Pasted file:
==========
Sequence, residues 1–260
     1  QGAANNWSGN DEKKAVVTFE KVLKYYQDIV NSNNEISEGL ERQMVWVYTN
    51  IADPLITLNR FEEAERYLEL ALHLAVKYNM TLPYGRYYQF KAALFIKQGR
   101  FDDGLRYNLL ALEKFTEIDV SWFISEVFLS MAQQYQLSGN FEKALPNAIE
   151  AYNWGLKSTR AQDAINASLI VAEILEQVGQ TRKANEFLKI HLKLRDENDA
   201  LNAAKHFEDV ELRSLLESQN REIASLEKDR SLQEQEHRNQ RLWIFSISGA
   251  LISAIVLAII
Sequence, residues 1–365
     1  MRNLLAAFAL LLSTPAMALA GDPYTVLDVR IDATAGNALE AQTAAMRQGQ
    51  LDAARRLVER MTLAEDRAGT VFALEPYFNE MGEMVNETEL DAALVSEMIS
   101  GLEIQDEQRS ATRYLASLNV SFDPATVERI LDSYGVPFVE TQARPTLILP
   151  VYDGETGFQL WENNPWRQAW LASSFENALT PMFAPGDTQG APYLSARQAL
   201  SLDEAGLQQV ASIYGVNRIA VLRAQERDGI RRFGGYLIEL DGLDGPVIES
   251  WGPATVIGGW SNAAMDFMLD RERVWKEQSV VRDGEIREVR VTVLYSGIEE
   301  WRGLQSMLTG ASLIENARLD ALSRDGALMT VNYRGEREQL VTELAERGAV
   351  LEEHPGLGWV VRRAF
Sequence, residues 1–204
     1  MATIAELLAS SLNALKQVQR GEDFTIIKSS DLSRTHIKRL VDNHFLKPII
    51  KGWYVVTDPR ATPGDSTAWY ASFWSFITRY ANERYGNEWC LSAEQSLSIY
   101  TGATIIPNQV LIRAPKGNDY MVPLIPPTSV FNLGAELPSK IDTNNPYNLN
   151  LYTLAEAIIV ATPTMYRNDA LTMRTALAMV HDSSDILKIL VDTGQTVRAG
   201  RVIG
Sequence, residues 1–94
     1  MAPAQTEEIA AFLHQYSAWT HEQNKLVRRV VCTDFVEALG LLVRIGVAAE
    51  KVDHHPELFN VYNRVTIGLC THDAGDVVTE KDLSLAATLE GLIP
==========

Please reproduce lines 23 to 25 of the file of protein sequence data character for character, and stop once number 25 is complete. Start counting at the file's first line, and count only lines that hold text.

Sequence, residues 1–94
     1  MAPAQTEEIA AFLHQYSAWT HEQNKLVRRV VCTDFVEALG LLVRIGVAAE
    51  KVDHHPELFN VYNRVTIGLC THDAGDVVTE KDLSLAATLE GLIP